1. This really is the best option for seeing the ‘real’ Bali, as if that’s even possible on an organised tour. The stops are all very interesting, but it was especially lovely to peddle around through the quiet, narrow back streets, just taking it all in. Temples were in the process of being decorated for various cultural occasions. Little kids called out and ran along next to the bikes, some asking for high-fives. You can see people wrestling with low-tech cropping implements and the whole thing is super picturesque, with rivers and palm trees and winding country roads. This component of the tour was definitely one of the highlights of the whole trip for me.

2. The tour is genuinely informative. I have to admit I didn’t get a lot out of the plantation tour, but then again I’m a tea addict and I received a pretty good food education as a kid. If you’ve never seen raw coffee beans or cacao pods, it’s probably quite an eye-opener. The free samples of tea and coffee go down nicely, and there was a cute bat and a gigantic moth to have a look at too. The tour of the compound is especially interesting, and I really did get some insight into the traditional Balinese way of life. The families who live there receive a stipend for allowing visitors as part of the tour, and they just continued about their business as if we weren’t there. It was a little strange, I have to admit, but not uncomfortable.

 3. It’s very well organized. Breakfast and lunch were both ready for us immediately upon arrival, the van was there to meet us at the end of the ride with damp towels to wash our faces, and when it started to rain the guides had a bag of plastic ponchos at the ready.

4. The food (included in the tour) is absolutely delicious. Black rice pudding and chocolate & banana crepes for breakfast? Yes. Gorgeous buffet lunch with some of the best noodles and satay skewers I’ve ever had? Yes, again.



1. It’s a popular tour, and it draws customers from all kinds of backgrounds. Be prepared to be stuck on a bus with a group of mildly xenophobic girls who just can’t even and grey nomads in lycra. There’s a flipside though – you’re pretty much guaranteed to meet someone really interesting too! At the plantation, an Iranian couple offered to read everyone’s coffee grounds which resulted in hysterical laughter all round.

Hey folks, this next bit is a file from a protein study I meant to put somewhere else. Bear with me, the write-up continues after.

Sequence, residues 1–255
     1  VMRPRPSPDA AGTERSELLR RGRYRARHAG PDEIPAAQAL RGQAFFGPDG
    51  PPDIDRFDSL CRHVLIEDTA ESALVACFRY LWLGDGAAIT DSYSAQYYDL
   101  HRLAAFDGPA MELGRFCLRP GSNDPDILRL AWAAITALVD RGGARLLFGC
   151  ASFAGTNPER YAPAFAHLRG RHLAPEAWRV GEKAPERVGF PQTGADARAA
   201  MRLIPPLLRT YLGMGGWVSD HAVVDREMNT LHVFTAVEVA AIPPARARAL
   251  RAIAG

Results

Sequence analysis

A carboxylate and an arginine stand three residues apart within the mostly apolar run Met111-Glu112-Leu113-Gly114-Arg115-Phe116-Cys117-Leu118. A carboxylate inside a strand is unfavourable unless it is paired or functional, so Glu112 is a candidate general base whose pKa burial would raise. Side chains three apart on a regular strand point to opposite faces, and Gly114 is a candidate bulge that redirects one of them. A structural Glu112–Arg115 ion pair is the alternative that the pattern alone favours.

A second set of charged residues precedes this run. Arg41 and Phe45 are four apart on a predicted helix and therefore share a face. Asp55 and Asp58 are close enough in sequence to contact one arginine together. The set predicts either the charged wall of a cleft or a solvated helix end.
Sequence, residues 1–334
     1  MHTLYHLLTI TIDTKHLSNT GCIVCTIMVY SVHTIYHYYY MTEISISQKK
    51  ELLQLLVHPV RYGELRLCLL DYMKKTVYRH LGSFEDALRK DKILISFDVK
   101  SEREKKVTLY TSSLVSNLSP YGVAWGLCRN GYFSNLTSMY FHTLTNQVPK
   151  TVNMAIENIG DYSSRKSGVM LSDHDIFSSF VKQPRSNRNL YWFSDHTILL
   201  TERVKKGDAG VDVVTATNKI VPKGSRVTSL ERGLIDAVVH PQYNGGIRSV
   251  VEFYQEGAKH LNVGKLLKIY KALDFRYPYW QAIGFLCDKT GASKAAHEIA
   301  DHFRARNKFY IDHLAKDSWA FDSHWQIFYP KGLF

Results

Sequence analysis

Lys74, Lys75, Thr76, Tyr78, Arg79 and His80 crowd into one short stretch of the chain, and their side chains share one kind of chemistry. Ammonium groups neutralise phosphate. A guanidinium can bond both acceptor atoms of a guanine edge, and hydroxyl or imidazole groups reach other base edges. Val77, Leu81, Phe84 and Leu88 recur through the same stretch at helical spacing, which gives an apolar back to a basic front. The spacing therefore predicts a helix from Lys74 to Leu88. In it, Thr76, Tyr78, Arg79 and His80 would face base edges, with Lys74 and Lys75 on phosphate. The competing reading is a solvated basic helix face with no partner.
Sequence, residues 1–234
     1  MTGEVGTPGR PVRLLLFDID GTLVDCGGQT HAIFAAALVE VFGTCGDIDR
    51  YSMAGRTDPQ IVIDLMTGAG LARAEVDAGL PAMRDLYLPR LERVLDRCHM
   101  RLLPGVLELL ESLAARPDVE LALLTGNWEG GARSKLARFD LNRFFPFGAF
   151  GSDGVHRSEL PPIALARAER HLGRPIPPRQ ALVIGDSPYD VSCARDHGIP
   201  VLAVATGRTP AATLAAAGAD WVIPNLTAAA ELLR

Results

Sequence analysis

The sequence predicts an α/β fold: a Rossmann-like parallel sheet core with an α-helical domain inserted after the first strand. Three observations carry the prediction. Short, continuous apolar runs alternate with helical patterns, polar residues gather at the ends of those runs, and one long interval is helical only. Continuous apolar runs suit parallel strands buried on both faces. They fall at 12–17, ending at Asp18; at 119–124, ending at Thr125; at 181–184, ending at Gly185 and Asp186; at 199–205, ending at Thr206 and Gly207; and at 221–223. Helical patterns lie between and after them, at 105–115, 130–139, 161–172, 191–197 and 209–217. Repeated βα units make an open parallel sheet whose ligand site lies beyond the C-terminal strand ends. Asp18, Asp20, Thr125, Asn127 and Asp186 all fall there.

2. The bikes were well-maintained and perfectly safe, but they were all men’s bikes. I find it much harder to balance when crouching forward in the position that men’s bikes demand, and would have felt more comfortable on a cruiser bike, especially given that it’s all downhill. Annoying, but not a huge problem.

3. The luwaks – little ferret-like critters – at the coffee plantation were very clearly distressed. One was “crib weaving” (constantly swaying from side to side) and another was obsessively running around in circles. Given that this is an ‘eco’ tour, just about every customer expressed their concern about the animals’ treatment. The guide explained that they keep them because tourists pay to see them – and I really wonder about that, because most of us had chosen the tour based on the bike riding component and recommendations from others, not because of the opportunity to see a caged animal. I do understand that the “cat poo chinos” (kopi luwak – coffee made from digested beans) are sold for a premium, but in that case, why not a bigger enclosure?




All in all, the tour was well worth the price ($40ish) and I too would recommend it to friends. I just really wish the luwaks had bigger cages.

Find out more about the cycling tour here.

Daily Rituals: Balinese Offerings


I’m no authority on Balinese Hinduism, nor was I able to get a clear explanation from any of the people I harassed about what exactly these gorgeous little colourful boxes scattered around in doorways and temples every morning are supposed to represent. All I managed to find out is that they have something to do with placating the bad spirits and nourishing the good ones, and the balance of good and bad in the universe. Despite not really understanding them (actually, maybe because of this) I became totally obsessed with the offerings and structured my day around being able to go for a walk mid-morning, once the women had gotten dressed up to go and put them out, and before they got trampled by motorbikes or got rained on during the day. There’s something really peaceful and rhythmic in the practice of setting out a fresh, absolutely beautiful offering every morning – right next to yesterday’s one decaying in the street.

I wasn’t the only one enchanted by the custom either: Mum found some incense in the house we rented in Seminyak and started making her own offerings in the morning too. The gods of free time and private pools were very well nourished that week!

They got me thinking of my own early morning sitting-in-the-garden-drinking-tea-not-talking-to-anyone habit, and the  habits of those who meditate or pray or go for a run on the beach.

Why do we all seem to have this need to do something sacred and thankful, regardless of religion (or lack of)?

What’s your ritual?